At this point, it looks as though the Court will accept the position that, as Wollman conceded, the government has a compelling interest in providing women with free contraceptive coverage. Its decision is thus likely to turn on the question of “least restrictive means,” and how it interprets the claims within the framework of the RFRA conditions.

Prior to the sudden death of Justice Antonin Scalia February 13, neither side appeared over-confident of the result. Proponents and opponents alike focused their attention on Justice Anthony Kennedy, who has provided the swing vote in many recent cases involving the tension between secular rights and religious liberty.

In Hobby Lobby, Kennedy’s concurrence commended the waiver accommodation as a reasonable compromise.  “There are many medical conditions for which pregnancy is contraindicated”, he wrote, explaining that the Court recognizes that “the HHS regulation here at issue furthers a legitimate and compelling interest in the health of female employees.”

He also declared that the arrangement for religious non-profits was indeed a valid means of assuring both religious liberty and women’s access to free contraception: “In these cases the means to reconcile those two priorities are at hand in the existing accommodation the Government has designed, identified, and used for circumstances closely parallel to those presented here.”

In other words, Kennedy already appears to have signaled that he sees the accommodation as fulfilling the “least restrictive means” test in reconciling the interest of the government with that of the religious groups. If so, it would mean that, even if Scalia were still on the court, the non-profits would lose their case. If not, the court would almost certainly split 4-4, leaving the various appellate decisions to stand in their respective jurisdictions until justices can take it up again.

Full coverage of important dates, amicus briefs, and the petitions involved can be found at SCOTUSBlogOral argument is scheduled for March 23 with a decision expected in June.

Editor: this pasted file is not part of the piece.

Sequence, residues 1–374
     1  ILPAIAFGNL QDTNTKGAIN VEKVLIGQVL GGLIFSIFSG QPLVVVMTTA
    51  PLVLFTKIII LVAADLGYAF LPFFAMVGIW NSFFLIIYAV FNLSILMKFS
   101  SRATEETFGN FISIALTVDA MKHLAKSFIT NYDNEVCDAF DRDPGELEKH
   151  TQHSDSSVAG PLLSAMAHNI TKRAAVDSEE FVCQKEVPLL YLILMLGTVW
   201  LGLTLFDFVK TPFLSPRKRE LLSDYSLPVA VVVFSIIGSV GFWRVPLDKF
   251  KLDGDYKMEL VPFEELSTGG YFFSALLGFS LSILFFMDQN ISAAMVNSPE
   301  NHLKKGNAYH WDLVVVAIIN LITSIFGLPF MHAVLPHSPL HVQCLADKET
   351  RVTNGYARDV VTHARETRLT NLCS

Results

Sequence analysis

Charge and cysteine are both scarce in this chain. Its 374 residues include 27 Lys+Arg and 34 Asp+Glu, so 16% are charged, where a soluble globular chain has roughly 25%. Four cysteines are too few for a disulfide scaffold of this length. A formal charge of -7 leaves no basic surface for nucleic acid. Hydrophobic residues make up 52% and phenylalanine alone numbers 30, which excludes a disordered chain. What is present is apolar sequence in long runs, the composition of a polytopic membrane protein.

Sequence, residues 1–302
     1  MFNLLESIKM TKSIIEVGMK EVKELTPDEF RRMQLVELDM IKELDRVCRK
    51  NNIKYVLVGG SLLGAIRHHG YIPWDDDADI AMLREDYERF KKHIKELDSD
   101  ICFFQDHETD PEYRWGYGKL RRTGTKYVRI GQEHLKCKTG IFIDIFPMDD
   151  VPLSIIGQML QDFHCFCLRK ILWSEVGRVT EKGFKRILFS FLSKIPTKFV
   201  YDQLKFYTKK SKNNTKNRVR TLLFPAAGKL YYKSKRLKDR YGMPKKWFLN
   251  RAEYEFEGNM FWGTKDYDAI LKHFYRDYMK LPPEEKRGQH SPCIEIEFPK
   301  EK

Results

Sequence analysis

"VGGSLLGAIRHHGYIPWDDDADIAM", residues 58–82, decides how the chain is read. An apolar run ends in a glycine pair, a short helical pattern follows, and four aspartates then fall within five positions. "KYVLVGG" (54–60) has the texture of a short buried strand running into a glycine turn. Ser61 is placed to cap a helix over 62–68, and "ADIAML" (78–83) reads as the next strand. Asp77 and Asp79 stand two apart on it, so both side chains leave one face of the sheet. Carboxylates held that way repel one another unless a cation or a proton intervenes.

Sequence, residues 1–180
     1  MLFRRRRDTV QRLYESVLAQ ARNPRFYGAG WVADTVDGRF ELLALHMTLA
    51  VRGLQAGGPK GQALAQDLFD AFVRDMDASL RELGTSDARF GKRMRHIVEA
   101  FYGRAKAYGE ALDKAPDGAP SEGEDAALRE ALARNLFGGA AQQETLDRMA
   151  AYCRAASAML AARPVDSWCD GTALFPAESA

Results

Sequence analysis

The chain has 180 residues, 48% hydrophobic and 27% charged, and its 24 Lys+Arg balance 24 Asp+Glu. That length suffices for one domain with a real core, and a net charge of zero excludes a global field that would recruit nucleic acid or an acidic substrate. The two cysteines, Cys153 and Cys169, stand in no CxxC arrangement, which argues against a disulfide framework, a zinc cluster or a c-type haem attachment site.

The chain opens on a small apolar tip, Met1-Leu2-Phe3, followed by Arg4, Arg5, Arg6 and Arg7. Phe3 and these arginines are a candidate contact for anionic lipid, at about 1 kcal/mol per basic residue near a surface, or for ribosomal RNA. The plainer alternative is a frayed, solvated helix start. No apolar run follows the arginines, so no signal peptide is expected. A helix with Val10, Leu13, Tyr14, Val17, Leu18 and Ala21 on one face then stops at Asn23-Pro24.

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From Paris, Lessons for Hartford

Each time I hear our presidential candidates argue over how to combat the threats of ISIS-inspired terrorism and immigrant minorities, I am reminded of how Parisians and I lived with these two problems over the last few months. And now that I am living back in Hartford, I see common themes in the French dilemma and ours in this city.

In two weeks, Secretary of Defense Ashton Carter will work on a strategy to defeat ISIS with 27 of his European and Middle Eastern counterparts. That meeting in Brussels will focus on how to dislodge ISIS from territory it controls. Just as important is the threat of home-grown terrorists who draw inspiration or direct orders from fanatics abroad.

Yet we all know that France’s terrorism problem, and ours, cannot be solved by the military alone. Anyone who lived through the Paris terror attacks and France’s strongly anti-immigrant reaction to them, as my fellow college students and I did, knows that they are rooted in a phenomenon far more difficult to the fight than the plotting of radical foreigners. Six of the nine alleged perpetrators of the Paris attacks, according to French authorities, were French citizens. They lived on the outskirts of Paris, just Metro stops away from us, in areas the French call the banlieue, populated largely by people who, like these terrorists, are descendants of immigrants from France’s former colonies, particularly in North Africa.